Workplace diversity can be defined as a culture of fairness and opportunity among employees from different racial, ethnic, religious and other backgrounds. A diverse workforce can provide a powerful advantage for any business as long as it’s managed effectively. Consider expanding the concept of diversity beyond any protected class, to include diversity of thought, viewpoint and ideas.
Bank of America understands this view of diversity. “At Bank of America, we respect and value not only differences related to race, gender, ethnicity, age, disability and sexual orientation, but also diversity of viewpoint, experience, talents and ideas. We strive to empower all associates to excel on the job and reach their full potentials, and reward and recognize associates based on performance and results.” Trust is a core value of Bank of America.
Open and consistent communication is a key factor in building trust. Trust is the foundation of the perception of fairness. Inclusion is an increasingly important workplace value. Americans believe in a level playing field and that people should be treated with respect.
Companies that do not listen to different thoughts lose. Failure to listen to employees sends a message that quickly degenerates to low morale and lack of commitment.
Accepting different viewpoints as potentially significant makes good business sense. DuPont Merck provides an example of an Hispanic manager who made note that a drug was only labeled in English. The drug’s label and instructions were translated into Spanish and 15 additional languages, subsequently bringing in millions of dollars in new business.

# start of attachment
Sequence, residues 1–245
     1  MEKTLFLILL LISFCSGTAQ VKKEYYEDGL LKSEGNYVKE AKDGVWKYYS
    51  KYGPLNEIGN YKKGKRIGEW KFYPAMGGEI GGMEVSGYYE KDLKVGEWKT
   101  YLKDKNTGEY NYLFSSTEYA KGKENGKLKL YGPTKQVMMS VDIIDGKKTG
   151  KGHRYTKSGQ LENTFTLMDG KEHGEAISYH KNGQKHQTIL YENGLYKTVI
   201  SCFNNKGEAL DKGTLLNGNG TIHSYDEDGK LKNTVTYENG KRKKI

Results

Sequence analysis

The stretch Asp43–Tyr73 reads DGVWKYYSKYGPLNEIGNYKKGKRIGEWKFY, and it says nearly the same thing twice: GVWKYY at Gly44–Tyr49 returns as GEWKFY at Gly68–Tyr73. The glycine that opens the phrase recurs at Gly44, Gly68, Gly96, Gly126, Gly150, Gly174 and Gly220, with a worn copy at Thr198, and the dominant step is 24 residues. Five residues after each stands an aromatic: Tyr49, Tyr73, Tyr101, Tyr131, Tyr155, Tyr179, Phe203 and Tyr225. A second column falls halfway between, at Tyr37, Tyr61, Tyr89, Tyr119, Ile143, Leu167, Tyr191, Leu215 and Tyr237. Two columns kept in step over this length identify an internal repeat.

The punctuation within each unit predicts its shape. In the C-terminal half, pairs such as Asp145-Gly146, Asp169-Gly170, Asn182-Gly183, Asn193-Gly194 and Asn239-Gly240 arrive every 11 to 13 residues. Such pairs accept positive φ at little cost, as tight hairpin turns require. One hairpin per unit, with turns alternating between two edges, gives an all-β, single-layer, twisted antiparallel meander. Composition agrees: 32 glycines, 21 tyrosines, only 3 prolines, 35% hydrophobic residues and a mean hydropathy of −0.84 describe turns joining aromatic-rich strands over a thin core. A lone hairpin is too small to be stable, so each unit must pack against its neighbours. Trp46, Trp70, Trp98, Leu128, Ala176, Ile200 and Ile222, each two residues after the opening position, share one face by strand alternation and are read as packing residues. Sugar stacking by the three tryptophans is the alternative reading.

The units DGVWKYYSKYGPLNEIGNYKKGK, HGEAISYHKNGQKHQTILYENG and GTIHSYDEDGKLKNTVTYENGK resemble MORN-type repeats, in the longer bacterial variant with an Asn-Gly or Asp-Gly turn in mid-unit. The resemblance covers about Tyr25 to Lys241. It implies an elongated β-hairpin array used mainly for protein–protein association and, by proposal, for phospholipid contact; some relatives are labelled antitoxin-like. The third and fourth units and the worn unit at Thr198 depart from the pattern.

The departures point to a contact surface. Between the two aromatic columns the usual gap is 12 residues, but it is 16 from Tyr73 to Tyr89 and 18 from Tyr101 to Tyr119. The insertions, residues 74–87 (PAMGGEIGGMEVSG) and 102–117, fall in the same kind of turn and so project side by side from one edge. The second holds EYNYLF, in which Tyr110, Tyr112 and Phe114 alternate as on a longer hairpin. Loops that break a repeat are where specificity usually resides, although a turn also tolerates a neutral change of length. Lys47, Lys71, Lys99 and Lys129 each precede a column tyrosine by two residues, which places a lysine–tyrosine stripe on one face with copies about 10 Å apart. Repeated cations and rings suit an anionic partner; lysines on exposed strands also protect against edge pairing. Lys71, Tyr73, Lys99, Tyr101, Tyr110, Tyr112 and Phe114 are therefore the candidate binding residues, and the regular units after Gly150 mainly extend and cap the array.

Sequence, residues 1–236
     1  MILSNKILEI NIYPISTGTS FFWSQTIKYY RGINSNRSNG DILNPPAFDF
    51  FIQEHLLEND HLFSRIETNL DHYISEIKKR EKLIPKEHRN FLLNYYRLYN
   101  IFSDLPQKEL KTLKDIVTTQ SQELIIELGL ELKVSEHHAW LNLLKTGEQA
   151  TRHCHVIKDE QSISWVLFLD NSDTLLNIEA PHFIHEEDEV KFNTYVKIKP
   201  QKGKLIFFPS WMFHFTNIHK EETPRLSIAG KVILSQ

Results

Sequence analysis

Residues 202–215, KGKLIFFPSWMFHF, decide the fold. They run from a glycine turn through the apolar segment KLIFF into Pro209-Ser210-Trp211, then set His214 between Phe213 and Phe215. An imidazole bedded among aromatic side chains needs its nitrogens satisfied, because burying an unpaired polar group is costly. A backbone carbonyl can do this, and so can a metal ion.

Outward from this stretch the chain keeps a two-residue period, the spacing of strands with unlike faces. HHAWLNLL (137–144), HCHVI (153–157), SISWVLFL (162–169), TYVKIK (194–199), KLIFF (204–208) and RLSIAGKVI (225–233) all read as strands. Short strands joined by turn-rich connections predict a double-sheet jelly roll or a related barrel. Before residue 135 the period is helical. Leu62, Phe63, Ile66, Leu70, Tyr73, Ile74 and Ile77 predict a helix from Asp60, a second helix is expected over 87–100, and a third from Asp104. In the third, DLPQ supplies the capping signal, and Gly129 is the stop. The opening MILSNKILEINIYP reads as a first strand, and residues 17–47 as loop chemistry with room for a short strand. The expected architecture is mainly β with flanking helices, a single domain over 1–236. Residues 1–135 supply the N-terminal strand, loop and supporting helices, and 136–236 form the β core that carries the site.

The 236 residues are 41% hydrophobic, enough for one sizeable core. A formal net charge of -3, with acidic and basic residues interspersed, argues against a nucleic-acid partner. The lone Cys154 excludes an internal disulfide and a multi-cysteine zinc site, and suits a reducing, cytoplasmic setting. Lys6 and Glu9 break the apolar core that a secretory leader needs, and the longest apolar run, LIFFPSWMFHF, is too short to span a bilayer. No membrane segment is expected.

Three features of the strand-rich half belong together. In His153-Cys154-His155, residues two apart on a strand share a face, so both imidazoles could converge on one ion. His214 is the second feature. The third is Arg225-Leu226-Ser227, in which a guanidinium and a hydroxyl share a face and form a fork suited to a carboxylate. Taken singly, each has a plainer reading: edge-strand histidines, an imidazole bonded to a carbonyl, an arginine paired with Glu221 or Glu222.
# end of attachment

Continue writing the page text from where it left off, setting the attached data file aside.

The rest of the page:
A Wal-Mart employee suggested replacing light bulbs in the ceiling fans with condensed fluorescent lamps (CFL) to save on their own energy costs. CFLs use 75- 80% less electricity. Wal-Mart saves $6 million a year. By changing long fluorescent bulbs, they anticipate $1 billion in savings annually. Listening pays off.
Leadership needs to set the tone since managing every human interaction in the workplace is impossible. Incorporating inclusion as a business strategy will send the message beyond a workplace that is free of discrimination. The message is a workplace that values diverse ideas, personalities and talents.
Developing an engaged workforce requires a commitment on the part of all management to listen actively and openly. Many senior-level initiatives are undermined by supervisors and managers who are uninformed and /or untrained. Supervisors who are unsure of what information to disclose or are unable to listen to diverse thoughts create an environment that separates employees and management. Open, two-way communi- cation dispels guesswork; guesswork that can lead to thoughts of discrimination.